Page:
Post exercise soreness shouldn’t be an indicator of a good workout

A lot of people associate muscle soreness (DOMS – Delayed Onset Muscle Soreness) the next day as a sign of a good workout. But I don’t feel that it is.

For the first few weeks of a new exercise program post workout soreness is expected and quite usual because the muscles are being used in different ways than before.  As you stress your muscles, you create small micro-tears.  As you recover, they heal and your muscles become stronger and, in some workout routines, bigger.  Your muscles learning to adapt, and  as your body gets used to training there may be less micro-tears which leads to less soreness and faster recovery. This is a good thing as  it means your body is adapting and changing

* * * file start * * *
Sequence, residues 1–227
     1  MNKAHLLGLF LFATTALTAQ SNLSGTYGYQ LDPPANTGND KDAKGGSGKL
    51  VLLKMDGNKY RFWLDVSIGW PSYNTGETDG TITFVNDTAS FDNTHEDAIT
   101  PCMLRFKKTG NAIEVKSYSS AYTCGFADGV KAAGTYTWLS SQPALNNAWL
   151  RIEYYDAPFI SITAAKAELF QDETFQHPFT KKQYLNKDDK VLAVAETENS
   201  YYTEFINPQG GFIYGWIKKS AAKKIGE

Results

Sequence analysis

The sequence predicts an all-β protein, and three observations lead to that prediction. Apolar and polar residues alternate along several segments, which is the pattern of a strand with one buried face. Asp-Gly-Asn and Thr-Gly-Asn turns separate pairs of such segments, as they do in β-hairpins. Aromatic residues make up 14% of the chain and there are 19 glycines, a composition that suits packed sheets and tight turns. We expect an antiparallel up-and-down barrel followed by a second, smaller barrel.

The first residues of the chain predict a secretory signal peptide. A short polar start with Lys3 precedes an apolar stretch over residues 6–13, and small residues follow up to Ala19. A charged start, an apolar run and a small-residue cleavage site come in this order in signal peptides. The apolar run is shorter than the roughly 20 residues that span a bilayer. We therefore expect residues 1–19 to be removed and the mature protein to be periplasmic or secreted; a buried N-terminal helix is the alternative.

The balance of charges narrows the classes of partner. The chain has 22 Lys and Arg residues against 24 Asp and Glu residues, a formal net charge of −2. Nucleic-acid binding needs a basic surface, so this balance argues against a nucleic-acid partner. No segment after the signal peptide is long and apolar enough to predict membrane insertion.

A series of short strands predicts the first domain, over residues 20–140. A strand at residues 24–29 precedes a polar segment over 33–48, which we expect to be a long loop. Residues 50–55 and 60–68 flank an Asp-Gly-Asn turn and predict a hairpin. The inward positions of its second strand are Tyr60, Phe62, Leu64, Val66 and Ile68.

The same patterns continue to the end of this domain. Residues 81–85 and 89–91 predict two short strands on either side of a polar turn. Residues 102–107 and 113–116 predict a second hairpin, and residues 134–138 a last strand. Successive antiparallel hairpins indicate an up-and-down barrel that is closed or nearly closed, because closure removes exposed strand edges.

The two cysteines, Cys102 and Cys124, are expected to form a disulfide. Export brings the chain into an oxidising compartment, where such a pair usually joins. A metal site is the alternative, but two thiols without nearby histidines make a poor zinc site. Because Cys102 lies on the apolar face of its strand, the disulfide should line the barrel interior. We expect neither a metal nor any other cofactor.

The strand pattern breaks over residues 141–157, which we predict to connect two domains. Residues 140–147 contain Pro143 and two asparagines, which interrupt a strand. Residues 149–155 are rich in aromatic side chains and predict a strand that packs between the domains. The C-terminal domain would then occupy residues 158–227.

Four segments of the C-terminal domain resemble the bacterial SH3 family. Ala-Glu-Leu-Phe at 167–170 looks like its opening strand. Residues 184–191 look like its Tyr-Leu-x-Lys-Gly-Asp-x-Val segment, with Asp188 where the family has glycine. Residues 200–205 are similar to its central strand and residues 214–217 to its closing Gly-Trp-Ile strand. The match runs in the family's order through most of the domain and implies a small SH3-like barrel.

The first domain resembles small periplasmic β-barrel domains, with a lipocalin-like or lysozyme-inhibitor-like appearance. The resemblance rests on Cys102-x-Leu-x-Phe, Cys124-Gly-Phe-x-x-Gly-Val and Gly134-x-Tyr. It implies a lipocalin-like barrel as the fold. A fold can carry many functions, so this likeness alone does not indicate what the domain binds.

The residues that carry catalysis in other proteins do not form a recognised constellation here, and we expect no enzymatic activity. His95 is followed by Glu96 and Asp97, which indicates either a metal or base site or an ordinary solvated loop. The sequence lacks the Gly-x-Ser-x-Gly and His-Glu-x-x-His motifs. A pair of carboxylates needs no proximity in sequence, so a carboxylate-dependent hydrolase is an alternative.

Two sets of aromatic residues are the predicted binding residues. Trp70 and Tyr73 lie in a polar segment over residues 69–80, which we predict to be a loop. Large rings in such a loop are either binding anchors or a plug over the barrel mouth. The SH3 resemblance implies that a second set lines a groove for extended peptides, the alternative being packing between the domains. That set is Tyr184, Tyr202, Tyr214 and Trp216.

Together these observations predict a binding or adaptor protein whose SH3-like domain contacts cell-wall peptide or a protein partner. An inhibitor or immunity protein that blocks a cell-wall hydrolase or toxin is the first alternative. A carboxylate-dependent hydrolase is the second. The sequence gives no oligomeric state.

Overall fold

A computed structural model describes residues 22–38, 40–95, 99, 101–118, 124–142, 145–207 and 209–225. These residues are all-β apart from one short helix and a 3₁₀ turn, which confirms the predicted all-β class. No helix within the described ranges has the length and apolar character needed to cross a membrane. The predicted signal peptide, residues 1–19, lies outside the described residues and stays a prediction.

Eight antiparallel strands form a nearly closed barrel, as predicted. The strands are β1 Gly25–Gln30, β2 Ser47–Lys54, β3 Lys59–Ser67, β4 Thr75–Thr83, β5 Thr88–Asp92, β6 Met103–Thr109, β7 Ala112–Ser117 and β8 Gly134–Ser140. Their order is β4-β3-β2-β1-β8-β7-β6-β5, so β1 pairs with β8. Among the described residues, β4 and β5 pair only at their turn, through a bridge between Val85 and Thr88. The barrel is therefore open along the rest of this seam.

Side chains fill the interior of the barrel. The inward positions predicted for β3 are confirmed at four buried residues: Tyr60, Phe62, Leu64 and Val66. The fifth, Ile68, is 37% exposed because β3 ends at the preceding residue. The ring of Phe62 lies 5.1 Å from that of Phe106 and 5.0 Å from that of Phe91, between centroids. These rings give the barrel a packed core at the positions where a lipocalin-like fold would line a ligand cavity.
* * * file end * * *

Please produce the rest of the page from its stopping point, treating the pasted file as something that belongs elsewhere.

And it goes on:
How should you gauge progress:
1. Are you able to do more repetitions or lift heavier weights then when you first started?
2. Are you able to push yourself through a tougher workout than before?
3. Are you becoming stronger or more toned?
4. Do you walk away from a workout feeling like you’ve given it your all?

I intentionally did not include weight loss on gauging how effective your workouts are because I feel your daily eating habits are such an integral part of weight loss.  As you gain more muscle mass, you will burn more calories effectively.  However, unless you eat properly, the training itself may not be the impetus for weight loss.  In addition to training, if you change your eating habits then you will see the changes in your physique.

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